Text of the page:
But after deconstructing a bit of Planck and Bohr (super-important physicists, yadda yadda), I learned that, in fact, the only mathematical formula that could explain how energy built (or diffused)—and this formula never ever fails when applied to everything we know so far in the universe—is that energy builds in steps. Clunk, clunk, clunk, up and up, or up and down, or down and up, but always by indivisible, chunky steps. Sort of like this:

So how does this apply to the juicy stuff of life? Well, that’s the question!! Because let’s assume for a moment that it does.

Okay, so I’ve been going along in my imperfect life, bumping along, trying really really hard to “improve myself” or “gain greater spirituality” or “develop my thinking” and I am always amazed—and frustrated and PISSED—that even when I get it in my mind, I don’t just get it in my heart. After weeks or months or years of contemplation, the same things will still frustrate me, or evade me, or challenge me. Why can’t I just get over that thing someone did that bugged the hell outta me? Or why can’t I just process my grief? Or why can’t I meditate properly?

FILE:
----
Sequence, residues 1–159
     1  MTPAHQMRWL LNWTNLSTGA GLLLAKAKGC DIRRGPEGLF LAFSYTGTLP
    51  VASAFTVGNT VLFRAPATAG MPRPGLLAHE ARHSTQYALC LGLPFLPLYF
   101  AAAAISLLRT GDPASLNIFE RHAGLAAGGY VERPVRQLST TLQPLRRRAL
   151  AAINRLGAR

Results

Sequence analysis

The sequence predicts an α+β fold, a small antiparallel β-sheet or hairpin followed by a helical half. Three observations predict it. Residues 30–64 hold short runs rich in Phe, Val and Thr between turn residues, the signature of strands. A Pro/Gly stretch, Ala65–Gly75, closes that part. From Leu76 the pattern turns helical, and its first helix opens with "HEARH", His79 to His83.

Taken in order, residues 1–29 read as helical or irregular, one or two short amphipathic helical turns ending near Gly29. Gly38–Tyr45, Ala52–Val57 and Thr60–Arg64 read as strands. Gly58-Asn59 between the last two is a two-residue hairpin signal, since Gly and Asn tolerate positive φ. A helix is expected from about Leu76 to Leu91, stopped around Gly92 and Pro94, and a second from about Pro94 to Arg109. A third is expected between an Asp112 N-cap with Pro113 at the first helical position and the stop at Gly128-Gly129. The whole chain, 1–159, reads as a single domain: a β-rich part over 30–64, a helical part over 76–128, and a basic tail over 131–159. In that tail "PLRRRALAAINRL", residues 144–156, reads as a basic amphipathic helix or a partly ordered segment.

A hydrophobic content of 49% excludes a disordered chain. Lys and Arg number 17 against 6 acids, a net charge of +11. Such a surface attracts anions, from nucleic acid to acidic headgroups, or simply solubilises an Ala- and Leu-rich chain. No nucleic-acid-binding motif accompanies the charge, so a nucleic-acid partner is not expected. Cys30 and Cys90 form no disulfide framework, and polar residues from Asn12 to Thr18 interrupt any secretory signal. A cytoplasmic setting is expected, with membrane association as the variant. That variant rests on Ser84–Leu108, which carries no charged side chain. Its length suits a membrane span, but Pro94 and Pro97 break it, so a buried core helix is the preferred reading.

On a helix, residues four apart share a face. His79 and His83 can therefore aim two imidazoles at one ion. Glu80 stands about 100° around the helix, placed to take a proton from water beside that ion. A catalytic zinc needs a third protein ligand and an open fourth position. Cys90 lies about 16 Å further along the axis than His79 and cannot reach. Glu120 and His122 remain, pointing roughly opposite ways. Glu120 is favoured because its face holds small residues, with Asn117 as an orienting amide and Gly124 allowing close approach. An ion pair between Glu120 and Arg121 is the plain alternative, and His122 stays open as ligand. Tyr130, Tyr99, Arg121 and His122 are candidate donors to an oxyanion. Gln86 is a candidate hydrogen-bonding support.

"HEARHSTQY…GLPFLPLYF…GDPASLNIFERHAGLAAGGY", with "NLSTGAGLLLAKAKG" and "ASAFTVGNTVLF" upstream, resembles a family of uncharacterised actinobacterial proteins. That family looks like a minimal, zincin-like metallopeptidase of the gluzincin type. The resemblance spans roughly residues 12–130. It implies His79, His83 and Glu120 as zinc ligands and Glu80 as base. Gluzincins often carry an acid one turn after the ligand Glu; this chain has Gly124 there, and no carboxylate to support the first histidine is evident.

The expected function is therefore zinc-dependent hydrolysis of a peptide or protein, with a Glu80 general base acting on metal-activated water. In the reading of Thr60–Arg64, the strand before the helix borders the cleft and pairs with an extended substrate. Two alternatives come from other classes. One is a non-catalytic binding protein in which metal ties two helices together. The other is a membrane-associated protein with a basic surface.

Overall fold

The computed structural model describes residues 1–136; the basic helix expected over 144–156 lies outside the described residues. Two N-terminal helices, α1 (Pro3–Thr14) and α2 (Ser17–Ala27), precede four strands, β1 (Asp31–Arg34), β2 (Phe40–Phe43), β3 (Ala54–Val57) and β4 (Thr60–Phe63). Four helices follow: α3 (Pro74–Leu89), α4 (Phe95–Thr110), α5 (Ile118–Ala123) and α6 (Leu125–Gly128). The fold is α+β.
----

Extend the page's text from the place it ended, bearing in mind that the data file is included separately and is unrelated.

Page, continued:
And I’m supposed to be so in tune with myself, right? So conscious. But then… but then…

Suddenly, one day, actually one moment in one day, it just … clicks. It all falls into place. I do get it. I forgive that transgression. Or I get over that grief. Or I understand that principal (or that godforsaken computer gibberish). All the hell and fury is just … gone.

And I do feel like I’ve just jumped up a clunky step. After aimlessly wandering along the same level—but gathering, I guess, information or experience or insight—I suddenly find myself closer to being the accepting, cognizant, loving me, the me in peace. And maybe the whole process has been a series of step-after-step-after-step and not a smooth, fluid, and inevitable process at all.

So I did discover that when I applied the quantum logic to my feeling self, the math still worked! And I had learned something too. The question is, does this quantum logic speak to you?